Academic journal article Journal of Agricultural and Applied Economics

Risk-Adjusted Comparison of Conservation Reserve Program Payments versus Production Payments for a Corn-Soybean Farmer

Academic journal article Journal of Agricultural and Applied Economics

Risk-Adjusted Comparison of Conservation Reserve Program Payments versus Production Payments for a Corn-Soybean Farmer

Article excerpt

Conservation reserve program (CRP) payments amount to several billion dollars annually. Payments are allocated to both remove land from production and to help farmers pay for conservation improvements. However, research examining whether farmers increase their utility with CRPs is limited. This paper uses simulation analysis and certainty equivalents to compare farming income to payments under the CRP. Farming income is a combination of crop production and government payments as specified in the 2002 Farm Bill. This analysis focuses on farms in three different counties in Kentucky. Results indicate that CRPs are good choices for many farmers.

Key Words: certainty equivalents, conservation, CRP, government payments, risk, simulation

JEL Classifications: Q15, Q18, Q16, C15

The 2002 Farm Bill presented farmers with many choices. Most discussion and analysis focused on which Farm Service Agency (FSA) option farmers should choose. FSA offered farmers five basic options with one of the options having three suboptions. The choice of an FSA option helps determine government payments over the life of the Farm Bill. However, just focusing on the five FSA options implies that farmers will keep farming their land.

The 2002 Farm Bill also allocated money to Conservation Reserve Programs (CRP). For many farmers, the first decision should actually be between continuing to farm or putting the land into a conservation program. Only if continuing to farm is the best option should farmers then decide among the various FSA options. However, to choose between farming and CRP payments, producers need to estimate their returns from continuing to farm.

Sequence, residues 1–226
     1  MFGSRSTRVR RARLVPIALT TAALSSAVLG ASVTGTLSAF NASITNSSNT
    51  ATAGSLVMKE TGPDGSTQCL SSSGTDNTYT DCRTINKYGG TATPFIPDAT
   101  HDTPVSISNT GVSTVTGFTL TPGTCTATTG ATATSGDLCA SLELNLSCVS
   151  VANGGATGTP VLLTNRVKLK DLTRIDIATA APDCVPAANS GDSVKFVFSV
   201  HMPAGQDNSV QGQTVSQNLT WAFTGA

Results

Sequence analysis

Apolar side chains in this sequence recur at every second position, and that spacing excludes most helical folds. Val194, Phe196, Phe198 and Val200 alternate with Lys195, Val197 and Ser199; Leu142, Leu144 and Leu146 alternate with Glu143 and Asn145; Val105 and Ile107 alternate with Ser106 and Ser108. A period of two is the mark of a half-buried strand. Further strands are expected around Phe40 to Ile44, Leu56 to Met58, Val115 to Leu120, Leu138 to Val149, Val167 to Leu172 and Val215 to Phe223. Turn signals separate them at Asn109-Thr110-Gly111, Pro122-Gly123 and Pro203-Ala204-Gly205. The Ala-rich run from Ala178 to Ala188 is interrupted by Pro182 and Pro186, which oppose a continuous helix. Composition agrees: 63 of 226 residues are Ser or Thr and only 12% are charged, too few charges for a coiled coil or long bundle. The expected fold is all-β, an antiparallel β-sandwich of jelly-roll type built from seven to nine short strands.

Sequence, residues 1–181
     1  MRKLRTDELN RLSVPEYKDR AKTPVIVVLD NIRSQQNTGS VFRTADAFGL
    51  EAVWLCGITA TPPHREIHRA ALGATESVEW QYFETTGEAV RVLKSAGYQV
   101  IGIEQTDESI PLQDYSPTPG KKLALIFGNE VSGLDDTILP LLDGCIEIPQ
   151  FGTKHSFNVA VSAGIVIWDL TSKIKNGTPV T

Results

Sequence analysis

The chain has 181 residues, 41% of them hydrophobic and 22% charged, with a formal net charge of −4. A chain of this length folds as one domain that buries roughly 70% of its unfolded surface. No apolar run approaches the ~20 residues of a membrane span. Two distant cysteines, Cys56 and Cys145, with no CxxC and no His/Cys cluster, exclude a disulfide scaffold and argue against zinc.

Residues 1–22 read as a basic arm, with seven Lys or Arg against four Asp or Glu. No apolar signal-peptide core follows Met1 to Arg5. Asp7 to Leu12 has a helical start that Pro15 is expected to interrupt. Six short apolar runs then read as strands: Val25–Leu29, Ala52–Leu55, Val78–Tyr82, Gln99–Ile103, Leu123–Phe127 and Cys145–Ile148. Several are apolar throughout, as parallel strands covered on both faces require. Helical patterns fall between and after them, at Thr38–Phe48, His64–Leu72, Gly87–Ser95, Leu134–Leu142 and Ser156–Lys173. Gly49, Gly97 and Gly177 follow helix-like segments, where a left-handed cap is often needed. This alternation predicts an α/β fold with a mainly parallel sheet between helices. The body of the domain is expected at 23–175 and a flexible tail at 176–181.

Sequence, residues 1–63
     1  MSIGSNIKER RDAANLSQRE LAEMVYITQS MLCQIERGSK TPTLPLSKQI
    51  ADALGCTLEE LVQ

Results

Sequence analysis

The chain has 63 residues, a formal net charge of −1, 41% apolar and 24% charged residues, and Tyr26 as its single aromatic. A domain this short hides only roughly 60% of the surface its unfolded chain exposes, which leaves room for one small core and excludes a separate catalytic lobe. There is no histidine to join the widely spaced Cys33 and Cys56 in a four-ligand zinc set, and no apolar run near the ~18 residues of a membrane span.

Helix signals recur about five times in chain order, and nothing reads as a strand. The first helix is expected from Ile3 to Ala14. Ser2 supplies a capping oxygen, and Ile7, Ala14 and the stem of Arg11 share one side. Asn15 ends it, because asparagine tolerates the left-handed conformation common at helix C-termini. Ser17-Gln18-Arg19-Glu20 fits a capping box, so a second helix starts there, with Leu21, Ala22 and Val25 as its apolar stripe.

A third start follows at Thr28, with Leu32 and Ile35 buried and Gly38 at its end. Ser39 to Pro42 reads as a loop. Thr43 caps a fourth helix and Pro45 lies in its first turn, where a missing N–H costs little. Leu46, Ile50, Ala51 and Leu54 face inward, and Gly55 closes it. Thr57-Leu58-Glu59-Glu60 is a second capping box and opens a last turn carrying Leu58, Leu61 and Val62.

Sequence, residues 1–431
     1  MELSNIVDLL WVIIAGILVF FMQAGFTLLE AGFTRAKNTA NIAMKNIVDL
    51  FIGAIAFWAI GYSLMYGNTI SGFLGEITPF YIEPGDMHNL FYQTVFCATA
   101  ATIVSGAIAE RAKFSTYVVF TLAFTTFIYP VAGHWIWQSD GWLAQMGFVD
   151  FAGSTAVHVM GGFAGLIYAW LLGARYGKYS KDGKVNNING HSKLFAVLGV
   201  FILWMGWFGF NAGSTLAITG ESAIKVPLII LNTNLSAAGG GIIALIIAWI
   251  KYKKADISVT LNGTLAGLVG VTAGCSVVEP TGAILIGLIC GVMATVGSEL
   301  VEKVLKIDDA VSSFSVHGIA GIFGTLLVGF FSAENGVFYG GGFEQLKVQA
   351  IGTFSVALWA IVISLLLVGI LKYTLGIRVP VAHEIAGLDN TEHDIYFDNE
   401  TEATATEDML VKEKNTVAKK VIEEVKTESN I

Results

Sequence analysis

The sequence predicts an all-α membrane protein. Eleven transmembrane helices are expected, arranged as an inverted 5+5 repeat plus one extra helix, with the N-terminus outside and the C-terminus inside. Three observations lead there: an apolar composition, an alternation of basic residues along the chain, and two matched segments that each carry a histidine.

The choices are difficult to compare because they are so different. Farmers are comparing a sure payment every year with CRP to one that will vary from year to year by continuing to farm. The farming option has variability not only from yields and prices, but also from government payments. This farming option is also complicated by the FSA option choice. Farmers need to find their optimal FSA option, estimate the payments, and then combine the government payments with the variable production income.

The objective of this study is to compare the utility from CRP payments to the utility from picking an optimal FSA option and continuing to farm. These comparisons are analyzed in three Kentucky counties.

The utility from the CRP choice is a straightforward calculation. Farmers know how much they will receive ahead of time, provided their offer is accepted. Therefore, farmers can plan for at least 10 years of payments. These payments do not vary, so there is no risk. The only downside is what happens after 10 years. There is some probability that land may not be rolled over into a new CRP contract. In addition, land that has been in CRP for 10 years may require some maintenance work before it can be used as cropland again.

The utility calculation for continuing to farm is much more complicated. From the production side, farmers face three major areas that contribute to net income variability. First is yield variability. Weather obviously is a major contributor to yields each year. However, despite this variability, yields have trended upward as new seed varieties continue to push the yield envelope. Yield histories exist in all counties so it is fairly easy to estimate the trend for yield and to calculate a yield variance.

Expense variability also contributes to income variability. Expenses may or may not exhibit a yearly trend. Some expenses like labor clearly show an increase from year to year. For other expenses, a simple mean may be a good predictor of next year's expense. Like the yields, data exist for historical expenses so any expense trends, means, and variances can be calculated.

Grain prices are the most difficult calculation in the production estimation of income variability. Prices probably do not follow a trend, but is the mean a good estimate of future prices? …

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